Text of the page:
While the researchers aren't suggesting that these genetic modifications be made in humans, the work brings to light the key protein that controls cocaine's effects in the body, which may help scientists develop medications that achieve the same results and therefore help addicts overcome their dependence.
Right now there are no such treatments on the market, said Howard Gu, the study's lead author and an associate professor of pharmacology and psychiatry at Ohio State University .
The study confirms that the dopamine transporter ?a protein that moves the neurotransmitter dopamine from outside of a neuron into the inside of the cell ?is a prime target for developing drugs to fight cocaine addiction.
"Cocaine blocks dopamine transporters, and this action ultimately is what makes a person feel high," Gu said. "We found that cocaine would not produce a high if it could not block the transporters."
He and his colleagues reported their findings the week of May 29 in the Proceedings of the National Academy of Sciences.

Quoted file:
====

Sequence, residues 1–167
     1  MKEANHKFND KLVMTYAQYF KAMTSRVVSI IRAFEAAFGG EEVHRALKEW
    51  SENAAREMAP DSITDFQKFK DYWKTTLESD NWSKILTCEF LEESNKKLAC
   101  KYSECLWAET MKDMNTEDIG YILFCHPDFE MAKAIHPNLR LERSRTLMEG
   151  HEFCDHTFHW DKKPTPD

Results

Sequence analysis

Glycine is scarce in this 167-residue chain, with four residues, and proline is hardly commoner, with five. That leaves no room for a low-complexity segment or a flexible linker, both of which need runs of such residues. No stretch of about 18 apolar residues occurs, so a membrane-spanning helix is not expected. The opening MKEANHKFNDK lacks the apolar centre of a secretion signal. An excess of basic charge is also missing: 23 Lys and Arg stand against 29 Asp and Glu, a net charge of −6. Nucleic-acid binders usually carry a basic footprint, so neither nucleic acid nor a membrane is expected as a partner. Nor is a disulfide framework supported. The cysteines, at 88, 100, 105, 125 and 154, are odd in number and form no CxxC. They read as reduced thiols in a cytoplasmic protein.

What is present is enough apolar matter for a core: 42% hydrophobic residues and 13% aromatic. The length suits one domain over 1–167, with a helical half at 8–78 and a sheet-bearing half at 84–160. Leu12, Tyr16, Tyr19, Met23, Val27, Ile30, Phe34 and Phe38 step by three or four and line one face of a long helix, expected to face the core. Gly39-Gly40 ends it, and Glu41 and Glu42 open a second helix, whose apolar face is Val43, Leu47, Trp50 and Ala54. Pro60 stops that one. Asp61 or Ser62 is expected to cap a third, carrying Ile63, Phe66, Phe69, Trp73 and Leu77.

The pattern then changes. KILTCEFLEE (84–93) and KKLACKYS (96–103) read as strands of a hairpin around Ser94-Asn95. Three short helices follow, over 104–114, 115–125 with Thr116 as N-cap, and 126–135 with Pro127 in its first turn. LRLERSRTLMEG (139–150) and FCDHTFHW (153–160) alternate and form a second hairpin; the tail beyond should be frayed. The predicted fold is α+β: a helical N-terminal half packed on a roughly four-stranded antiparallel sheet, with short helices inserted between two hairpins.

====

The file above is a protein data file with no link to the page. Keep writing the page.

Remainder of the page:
Dopamine is a chemical messenger vital to the regular functioning of the central nervous system. Under normal circumstances it flows into and out of neurons.
But cocaine blocks dopamine transporters from taking up dopamine, leaving it outside the cells, which excites the nervous system to the point where a cocaine user feels a high, Gu said.
He and his colleagues raised laboratory mice with genetic alterations in the gene that codes for the dopamine transporter.
"By doing so we created a dopamine transporter that resists cocaine but also retains its function of taking up dopamine and carrying it back to the neurons," Gu said.
The researchers tested cocaine's effects on normal mice and on mice with modified dopamine transpo
Source:Ohio State University